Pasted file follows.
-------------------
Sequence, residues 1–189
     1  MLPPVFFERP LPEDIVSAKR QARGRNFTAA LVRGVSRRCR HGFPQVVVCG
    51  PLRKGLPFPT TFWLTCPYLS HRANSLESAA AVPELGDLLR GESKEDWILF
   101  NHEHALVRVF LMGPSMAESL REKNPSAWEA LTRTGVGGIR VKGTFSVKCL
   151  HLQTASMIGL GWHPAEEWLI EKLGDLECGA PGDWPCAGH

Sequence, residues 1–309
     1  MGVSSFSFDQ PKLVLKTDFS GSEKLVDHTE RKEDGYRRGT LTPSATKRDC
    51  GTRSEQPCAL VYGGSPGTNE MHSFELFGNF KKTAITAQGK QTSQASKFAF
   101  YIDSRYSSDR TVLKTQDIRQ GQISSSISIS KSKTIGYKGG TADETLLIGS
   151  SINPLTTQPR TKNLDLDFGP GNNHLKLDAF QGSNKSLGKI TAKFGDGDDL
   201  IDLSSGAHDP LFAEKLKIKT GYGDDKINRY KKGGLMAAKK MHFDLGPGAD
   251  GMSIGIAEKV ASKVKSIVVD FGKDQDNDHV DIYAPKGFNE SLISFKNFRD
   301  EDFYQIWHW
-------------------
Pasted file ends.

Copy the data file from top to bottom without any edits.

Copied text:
Sequence, residues 1–189
     1  MLPPVFFERP LPEDIVSAKR QARGRNFTAA LVRGVSRRCR HGFPQVVVCG
    51  PLRKGLPFPT TFWLTCPYLS HRANSLESAA AVPELGDLLR GESKEDWILF
   101  NHEHALVRVF LMGPSMAESL REKNPSAWEA LTRTGVGGIR VKGTFSVKCL
   151  HLQTASMIGL GWHPAEEWLI EKLGDLECGA PGDWPCAGH

Sequence, residues 1–309
     1  MGVSSFSFDQ PKLVLKTDFS GSEKLVDHTE RKEDGYRRGT LTPSATKRDC
    51  GTRSEQPCAL VYGGSPGTNE MHSFELFGNF KKTAITAQGK QTSQASKFAF
   101  YIDSRYSSDR TVLKTQDIRQ GQISSSISIS KSKTIGYKGG TADETLLIGS
   151  SINPLTTQPR TKNLDLDFGP GNNHLKLDAF QGSNKSLGKI TAKFGDGDDL
   201  IDLSSGAHDP LFAEKLKIKT GYGDDKINRY KKGGLMAAKK MHFDLGPGAD
   251  GMSIGIAEKV ASKVKSIVVD FGKDQDNDHV DIYAPKGFNE SLISFKNFRD
   301  EDFYQIWHW